Trash fee plan met with mixed reaction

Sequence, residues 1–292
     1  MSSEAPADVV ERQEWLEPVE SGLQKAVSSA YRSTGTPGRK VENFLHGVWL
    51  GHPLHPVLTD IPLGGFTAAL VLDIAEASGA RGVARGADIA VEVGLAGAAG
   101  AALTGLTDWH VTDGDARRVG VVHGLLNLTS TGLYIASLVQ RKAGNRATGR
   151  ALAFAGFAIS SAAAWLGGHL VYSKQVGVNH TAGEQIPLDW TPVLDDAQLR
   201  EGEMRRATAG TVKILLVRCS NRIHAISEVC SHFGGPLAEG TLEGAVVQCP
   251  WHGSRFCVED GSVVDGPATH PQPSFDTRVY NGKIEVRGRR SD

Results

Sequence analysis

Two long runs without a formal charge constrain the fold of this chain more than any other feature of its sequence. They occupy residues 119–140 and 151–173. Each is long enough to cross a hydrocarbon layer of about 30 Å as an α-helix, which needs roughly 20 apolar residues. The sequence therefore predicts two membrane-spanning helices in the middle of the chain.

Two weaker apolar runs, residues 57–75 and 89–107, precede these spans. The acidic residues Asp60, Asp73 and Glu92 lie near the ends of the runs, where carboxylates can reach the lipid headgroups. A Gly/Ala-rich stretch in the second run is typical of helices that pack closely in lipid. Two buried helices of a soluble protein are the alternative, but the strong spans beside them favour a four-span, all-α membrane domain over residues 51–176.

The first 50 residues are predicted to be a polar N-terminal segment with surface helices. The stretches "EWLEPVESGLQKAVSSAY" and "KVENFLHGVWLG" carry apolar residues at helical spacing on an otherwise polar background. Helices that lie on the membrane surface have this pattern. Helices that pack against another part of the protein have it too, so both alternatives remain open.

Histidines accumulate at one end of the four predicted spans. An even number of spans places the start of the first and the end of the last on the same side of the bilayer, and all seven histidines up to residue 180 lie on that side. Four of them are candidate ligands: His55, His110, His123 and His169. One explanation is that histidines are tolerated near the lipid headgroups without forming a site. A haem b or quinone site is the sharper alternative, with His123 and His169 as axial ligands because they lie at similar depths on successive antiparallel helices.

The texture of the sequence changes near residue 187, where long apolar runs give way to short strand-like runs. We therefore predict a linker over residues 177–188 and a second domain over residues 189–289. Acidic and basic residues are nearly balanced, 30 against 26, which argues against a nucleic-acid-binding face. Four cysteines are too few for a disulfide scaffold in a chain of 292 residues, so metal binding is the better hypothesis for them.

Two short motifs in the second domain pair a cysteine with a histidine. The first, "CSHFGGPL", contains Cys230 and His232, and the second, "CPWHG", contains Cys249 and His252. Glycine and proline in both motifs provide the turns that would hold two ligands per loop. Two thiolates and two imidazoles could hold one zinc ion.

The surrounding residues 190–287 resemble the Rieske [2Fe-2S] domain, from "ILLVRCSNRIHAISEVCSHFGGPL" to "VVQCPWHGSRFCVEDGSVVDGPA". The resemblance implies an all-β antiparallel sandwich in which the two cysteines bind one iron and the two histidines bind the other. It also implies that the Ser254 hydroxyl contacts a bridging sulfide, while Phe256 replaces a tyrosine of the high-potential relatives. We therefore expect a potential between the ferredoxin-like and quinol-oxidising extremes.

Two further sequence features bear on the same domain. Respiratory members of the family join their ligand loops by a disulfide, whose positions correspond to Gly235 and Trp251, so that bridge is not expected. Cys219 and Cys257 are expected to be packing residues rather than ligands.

first_imgPolice Chief William Bratton, who supports Villaraigosa’s plan, has been working political circles to beef up the number of L.A. cops, which now stands at 9,200. But recruitment efforts over the last few years have fallen short. Many would-be officers are being lost to the military, others can’t meet basic skills tests and and other law enforcement agencies are actively recruiting from LAPD ranks. Bratton said by setting aside money specifically for hiring, the force could improve recruitment and eliminate hiring freezes that discourage applicants. Barbara Whiteside, a 71-year-old homeowner from North Hollywood, said the argument hardly convinced her. “How can we know, that this is actually going to get us more cops.” The increase would take effect in July, bumping the monthly trash fees from $11 to $18, then to $22 the next year and up again to $26 the next year and capping out at $28 by 2010. [email protected] (818) 713-3741160Want local news?Sign up for the Localist and stay informed Something went wrong. Please try again.subscribeCongratulations! You’re all set! AD Quality Auto 360p 720p 1080p Top articles1/5READ MOREOregon Ducks football players get stuck on Disney ride during Rose Bowl eventThe proposal would raise $127 million by 2010 and would be earmarked for more cops. But Villaraigosa said he can’t guarantee the City Council – which must ultimately approve the plan – would not alter his plan. Still, some Sun Valley homeowners – who have been watching the politics of trash for years – praised the idea as a long-overdue solution for an area facing a spike in crime. Though overall, violent crime fell from 2005 to 2006 in the northern portion of Sun Valley, the southern area has seen a rise in violent crime. Manuel Sanchez, a 61-year-old retired aerospace worker, said that public safety is a top priority. “What is a few dollars? We spend that money on things every day anyway. We need more police and we just don’t have enough.” SUN VALLEY – Less than a mile from the Bradley Landfill, residents reacted with mixed emotions to Mayor Antonio Villaraigosa’s proposal to more than double homeowner trash fees to pay for 1,000 police officers. Under the plan, fees would jump from $11 to $28 by 2010. “It stinks,” said Michael Andre, a 53-year-old retired shipping clerk and lifelong San Fernando Valley resident, who said he’s been frustrated for years by the city’s trash policy. “There is no guarantee that this money is not going to be used for the police. It can go in some politician’s pocket.” last_img read more

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